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SMT. SHANTI DEVI & ANR V. HUKUM CHAND [1996] RD-SC 998 (22 August 1996)




O R D E R These appeals have been filed, for setting aside the order dated March 20, 1990, passed by the High Court allowing the civil revision application which had been filed on behalf of the respondent - decree holder.

There is no dispute that the land in question was transferred in favour of the appellant No.1 by one Kishan Chand and Jagdish Chand in the year 1980. Thereafter a suit for pre-emption was filed on behalf of the respondent. That suit was decreed on 27.8.1983. The appeal filed on behalf of the appellants was dismissed by the court of appeal on 30.11.1983. Second appeal filed on behalf of the appellants was also. dismissed by the High Court on 5.4.1984.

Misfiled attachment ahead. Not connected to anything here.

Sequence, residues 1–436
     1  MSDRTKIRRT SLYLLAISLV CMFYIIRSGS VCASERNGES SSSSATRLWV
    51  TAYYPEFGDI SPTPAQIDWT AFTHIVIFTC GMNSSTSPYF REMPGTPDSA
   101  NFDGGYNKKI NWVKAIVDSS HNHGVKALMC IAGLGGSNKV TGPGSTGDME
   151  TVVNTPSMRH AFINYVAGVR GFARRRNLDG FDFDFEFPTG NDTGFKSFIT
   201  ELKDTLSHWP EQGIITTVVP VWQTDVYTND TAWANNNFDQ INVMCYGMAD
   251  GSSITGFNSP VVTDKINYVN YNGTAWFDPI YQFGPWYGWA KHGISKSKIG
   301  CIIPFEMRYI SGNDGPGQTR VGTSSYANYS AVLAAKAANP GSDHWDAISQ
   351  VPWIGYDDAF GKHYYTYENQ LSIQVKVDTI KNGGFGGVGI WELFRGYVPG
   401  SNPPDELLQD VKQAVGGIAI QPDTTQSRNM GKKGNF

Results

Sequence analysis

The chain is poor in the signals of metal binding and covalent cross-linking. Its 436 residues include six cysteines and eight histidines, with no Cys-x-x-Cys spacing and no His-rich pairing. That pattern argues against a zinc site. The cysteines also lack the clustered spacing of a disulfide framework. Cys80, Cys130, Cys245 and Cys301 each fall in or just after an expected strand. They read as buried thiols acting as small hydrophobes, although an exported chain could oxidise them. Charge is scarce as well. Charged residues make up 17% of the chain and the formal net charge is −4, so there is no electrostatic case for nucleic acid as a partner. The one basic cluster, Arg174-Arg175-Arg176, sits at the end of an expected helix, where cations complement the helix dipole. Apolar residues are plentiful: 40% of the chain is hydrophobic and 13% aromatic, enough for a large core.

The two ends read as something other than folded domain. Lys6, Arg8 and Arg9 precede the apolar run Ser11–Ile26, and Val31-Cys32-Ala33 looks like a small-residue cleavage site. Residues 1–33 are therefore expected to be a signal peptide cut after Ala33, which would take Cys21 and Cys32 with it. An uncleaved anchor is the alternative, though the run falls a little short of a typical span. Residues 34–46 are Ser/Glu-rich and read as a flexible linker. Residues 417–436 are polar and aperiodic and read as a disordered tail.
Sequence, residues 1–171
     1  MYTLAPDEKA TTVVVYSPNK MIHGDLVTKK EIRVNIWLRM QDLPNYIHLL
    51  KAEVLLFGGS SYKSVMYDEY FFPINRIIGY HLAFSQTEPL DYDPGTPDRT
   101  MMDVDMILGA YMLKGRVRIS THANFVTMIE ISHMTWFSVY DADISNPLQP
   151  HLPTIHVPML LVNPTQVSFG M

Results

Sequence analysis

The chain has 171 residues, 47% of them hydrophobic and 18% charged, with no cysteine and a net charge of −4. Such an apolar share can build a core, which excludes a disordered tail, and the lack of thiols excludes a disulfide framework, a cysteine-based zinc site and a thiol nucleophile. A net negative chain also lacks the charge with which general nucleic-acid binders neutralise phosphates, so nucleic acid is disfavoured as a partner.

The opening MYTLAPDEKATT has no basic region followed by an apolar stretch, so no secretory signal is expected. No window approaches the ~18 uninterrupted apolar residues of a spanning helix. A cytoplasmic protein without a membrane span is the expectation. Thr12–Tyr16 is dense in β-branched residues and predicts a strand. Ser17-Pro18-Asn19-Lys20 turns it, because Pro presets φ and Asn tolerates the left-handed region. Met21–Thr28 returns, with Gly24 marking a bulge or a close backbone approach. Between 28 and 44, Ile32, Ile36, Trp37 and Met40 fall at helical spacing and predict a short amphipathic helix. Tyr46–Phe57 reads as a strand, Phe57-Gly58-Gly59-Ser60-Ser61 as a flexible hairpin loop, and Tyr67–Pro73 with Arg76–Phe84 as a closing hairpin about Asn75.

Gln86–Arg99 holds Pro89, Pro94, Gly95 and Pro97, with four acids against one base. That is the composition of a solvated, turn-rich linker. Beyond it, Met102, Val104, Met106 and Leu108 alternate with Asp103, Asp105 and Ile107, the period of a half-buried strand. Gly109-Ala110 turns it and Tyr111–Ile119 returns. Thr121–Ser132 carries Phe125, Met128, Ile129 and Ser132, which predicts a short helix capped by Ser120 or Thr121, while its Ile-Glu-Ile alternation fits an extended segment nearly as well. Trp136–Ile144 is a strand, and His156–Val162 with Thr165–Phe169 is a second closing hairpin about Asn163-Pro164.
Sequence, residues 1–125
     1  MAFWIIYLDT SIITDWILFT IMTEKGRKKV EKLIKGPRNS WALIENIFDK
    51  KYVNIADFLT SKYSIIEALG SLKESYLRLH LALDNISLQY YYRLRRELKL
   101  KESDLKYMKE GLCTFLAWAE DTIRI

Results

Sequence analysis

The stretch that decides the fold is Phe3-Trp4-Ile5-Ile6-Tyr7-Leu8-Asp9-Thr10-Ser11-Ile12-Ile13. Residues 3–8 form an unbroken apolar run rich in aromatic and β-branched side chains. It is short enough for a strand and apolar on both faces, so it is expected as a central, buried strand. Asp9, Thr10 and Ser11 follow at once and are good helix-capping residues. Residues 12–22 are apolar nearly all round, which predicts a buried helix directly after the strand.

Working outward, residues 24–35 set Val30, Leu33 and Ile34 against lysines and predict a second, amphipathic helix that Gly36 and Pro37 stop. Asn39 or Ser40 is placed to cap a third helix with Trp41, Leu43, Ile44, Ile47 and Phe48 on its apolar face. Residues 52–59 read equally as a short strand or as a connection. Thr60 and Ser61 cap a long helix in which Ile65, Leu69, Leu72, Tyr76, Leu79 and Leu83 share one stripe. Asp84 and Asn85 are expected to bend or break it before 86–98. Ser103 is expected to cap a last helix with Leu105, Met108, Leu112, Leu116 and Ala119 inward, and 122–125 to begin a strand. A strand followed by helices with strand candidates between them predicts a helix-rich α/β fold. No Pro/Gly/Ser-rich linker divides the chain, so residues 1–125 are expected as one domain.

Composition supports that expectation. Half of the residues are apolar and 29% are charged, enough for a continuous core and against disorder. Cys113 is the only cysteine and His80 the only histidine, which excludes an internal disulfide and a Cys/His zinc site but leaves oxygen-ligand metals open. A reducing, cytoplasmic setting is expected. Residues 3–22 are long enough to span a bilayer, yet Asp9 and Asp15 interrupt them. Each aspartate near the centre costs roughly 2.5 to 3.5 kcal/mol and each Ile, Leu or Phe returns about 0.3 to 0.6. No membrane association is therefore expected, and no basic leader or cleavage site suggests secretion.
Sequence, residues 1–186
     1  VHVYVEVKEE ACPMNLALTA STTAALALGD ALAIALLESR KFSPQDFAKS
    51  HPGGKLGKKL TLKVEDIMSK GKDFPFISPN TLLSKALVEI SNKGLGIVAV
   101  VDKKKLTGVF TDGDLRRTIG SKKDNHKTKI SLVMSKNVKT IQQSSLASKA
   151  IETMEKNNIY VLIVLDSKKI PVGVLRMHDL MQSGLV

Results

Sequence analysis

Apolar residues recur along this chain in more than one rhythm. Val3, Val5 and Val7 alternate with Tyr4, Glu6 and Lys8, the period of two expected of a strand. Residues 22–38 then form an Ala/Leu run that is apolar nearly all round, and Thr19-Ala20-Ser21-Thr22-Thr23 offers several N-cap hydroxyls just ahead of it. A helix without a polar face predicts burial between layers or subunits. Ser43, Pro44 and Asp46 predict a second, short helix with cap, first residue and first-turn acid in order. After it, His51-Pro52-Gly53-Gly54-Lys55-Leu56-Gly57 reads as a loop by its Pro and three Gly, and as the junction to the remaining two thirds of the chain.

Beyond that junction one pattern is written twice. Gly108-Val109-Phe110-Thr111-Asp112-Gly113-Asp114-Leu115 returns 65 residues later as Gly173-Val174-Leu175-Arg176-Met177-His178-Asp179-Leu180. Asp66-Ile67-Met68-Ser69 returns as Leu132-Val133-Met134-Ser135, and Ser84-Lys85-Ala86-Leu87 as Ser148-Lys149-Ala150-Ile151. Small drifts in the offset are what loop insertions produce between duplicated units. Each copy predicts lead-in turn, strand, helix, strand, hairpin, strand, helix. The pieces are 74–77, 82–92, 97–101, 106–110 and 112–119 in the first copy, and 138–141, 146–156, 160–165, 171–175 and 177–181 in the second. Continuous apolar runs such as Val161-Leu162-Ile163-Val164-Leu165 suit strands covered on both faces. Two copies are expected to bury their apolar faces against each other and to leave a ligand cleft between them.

Thereafter, the decree holder - respondent took steps for execution of the decree for pre-emption of the lands in question in the year 1984. An objection was taken before the executing court that as only share in the land in question had been transferred the decree passed for pre-emption cannot be executed. That objection found favour with the executing court. Being aggrieved by the order passed by the executing court the respondent filed civil revision before the High Court which was allowed by the impugned order. The High Court after referring to the earlier judgments of the said court including the Full Bench judgment observed:

The proposition laid down in the Full Bench judgment, referred to above, has no applicability to the facts of the present case. In that case the question was as to whether the sale was of specific khasra No. out of the joint land.

The question of getting the physical possession of the specific khasra nos. out of the joint holding is governed by the provisions of the Code of Civil Procedure, which provides as to how the decree for immovable property is to be executed. Admittedly, the decree is for specific khasra nos.